Lomax's concluding statement in the article said,
"(R)egenerative medicine therapies are treating and curing debilitating and deadly diseases. The FDA’s RMAT (regenerative medicine advanced therapy) and breakthrough designations have created a streamlined environment for product sponsors. To effectively leverage this regulatory policy environment, sponsors must conduct high-quality clinical trials that are often operationally complex.
"Clinical trial networks, capable of managing the array of regenerative medicine technologies, are well suited to manage this complexity. The CIRM Alpha Clinic network is a current highly functioning proof of the concept. Patients with unmet medical need and product sponsors will benefit from the replication of this model nationally and internationally."
The agency, formally known as the California Institute for Regenerative Medicine or CIRM, initiated the Alpha network in 2015. It has since enlarged the effort with a total of $50 million and locations at UC San Francisco, UC Davis, UCLA, UC Irvine, City of Hope and UC San Diego

The Clinical Leader piece said, 
"Recognizing this operational complexity and limitations in clinical experience, the California Institute for Regenerative Medicine (CIRM) pioneered the development of infrastructure to support regenerative medicine clinical trials. Launched in 2015, the CIRM Alpha Clinics are a network of six California medical centers. The clinics conduct FDA-authorized and IRB approved clinical trials. The aim of the network is to achieve greater and more efficient results than the member organizations could if they acted independently. Each of the Alpha Clinics has formed teams with specialized knowledge and experience with regenerative medicine clinical research involving human cell and tissue products. These teams work across their respective centers. As of September 1, 2018, the network is supporting 49 clinical trials — and has supported 60 clinical trials since 2015 — across a range of indications."
Lomax continued,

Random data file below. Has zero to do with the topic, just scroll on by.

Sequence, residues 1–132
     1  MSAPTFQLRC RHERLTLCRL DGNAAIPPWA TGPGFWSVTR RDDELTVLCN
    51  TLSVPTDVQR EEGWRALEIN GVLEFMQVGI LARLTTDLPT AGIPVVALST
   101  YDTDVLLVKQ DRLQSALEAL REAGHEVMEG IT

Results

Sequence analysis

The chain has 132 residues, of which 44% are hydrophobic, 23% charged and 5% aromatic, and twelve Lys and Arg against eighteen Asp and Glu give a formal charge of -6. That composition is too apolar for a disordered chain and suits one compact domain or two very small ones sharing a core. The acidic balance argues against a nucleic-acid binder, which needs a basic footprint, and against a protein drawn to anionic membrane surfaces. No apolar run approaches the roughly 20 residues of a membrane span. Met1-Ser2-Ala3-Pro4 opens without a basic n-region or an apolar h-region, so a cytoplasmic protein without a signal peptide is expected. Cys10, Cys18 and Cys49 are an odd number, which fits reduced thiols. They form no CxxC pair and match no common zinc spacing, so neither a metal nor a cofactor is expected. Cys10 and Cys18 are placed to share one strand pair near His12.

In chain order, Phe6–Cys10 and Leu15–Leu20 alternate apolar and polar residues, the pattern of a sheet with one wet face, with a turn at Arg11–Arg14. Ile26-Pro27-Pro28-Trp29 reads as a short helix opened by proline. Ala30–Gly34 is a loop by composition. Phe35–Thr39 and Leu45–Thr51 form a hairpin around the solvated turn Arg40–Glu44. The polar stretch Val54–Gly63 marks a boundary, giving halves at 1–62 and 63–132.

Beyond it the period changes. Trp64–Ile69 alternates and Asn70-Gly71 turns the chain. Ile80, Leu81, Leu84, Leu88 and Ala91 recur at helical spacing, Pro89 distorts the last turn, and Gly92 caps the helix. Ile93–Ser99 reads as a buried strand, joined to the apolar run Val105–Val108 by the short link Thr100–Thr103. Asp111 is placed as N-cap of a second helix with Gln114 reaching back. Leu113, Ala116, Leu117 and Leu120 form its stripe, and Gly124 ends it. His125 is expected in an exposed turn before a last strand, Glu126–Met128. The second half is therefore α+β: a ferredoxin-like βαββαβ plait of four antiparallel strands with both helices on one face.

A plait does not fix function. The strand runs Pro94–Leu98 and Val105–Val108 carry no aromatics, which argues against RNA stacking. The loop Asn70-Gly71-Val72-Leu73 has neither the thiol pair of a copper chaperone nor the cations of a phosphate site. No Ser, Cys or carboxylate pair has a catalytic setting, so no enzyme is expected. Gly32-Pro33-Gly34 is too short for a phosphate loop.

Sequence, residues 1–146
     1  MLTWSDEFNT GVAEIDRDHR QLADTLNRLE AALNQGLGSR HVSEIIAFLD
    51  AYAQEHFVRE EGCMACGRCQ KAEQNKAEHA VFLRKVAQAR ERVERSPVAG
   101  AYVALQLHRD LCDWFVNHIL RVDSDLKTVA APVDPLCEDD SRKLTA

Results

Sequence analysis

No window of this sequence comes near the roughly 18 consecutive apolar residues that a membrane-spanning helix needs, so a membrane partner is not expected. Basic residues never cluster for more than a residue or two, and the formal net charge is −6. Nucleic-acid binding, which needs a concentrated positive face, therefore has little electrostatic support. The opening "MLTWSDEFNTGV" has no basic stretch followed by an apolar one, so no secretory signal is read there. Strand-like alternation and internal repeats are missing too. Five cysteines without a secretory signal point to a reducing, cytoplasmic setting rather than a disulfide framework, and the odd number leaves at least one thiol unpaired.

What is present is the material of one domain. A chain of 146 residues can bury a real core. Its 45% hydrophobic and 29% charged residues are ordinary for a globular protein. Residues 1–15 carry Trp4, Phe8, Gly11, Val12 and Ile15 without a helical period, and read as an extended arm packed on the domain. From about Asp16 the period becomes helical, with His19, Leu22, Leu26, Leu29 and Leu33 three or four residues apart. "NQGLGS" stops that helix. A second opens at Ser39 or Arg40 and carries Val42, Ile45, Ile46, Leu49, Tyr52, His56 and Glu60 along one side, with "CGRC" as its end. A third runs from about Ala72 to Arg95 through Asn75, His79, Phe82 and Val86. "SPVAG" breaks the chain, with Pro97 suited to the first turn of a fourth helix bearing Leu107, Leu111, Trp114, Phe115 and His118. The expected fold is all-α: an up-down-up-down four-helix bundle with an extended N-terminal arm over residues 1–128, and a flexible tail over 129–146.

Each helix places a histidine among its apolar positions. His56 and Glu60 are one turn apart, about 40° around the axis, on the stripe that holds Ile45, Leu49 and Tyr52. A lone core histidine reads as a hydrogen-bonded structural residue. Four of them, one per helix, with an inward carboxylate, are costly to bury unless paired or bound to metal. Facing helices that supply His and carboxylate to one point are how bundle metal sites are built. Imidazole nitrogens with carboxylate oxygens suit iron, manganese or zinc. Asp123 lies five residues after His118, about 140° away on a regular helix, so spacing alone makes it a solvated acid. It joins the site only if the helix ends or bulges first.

"This network model of conducting therapeutically diverse clinical trials lies in contrast to the traditional disease-based clinical trial networks that tend to be located in specific clinical units – oncology, cardiology, neurology, etc. The Alpha Clinic teams are horizontally integrated across the centers, so they can support the diverse range of indications where regenerative medicine therapies are currently being evaluated. This technology-based approach facilitates the conduct of clinical trials, particularly in clinical units that may have limited experience with cell and gene therapy products."
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Thursday, September 13, 2018

A Global Stem Cell Perspective: CIRM's Accomplishments in a Field Tougher than Rocket Science

The comments below were emailed to the California Stem Cell Report yesterday in the wake of recent news coverage of the California Institute for Regenerative Medicine (CIRM), as the state's stem cell agency is known. 

The author, who asked not to be identified, has followed the field of stem cell research worldwide since its inception. Here is the text of the remarks.
"As you know, I am usually reticent about putting in my two cents worth regarding CIRM and all the politics swirling around the subject. But the recent published items, as well as radio interviews on the subject, have made me quite uncomfortable. I was not in California when Proposition 71 came on the ballot, so I cannot speak to the hype and campaign promises made that swayed the public. But I have to take issue with some of the nonsense that has been reported as news.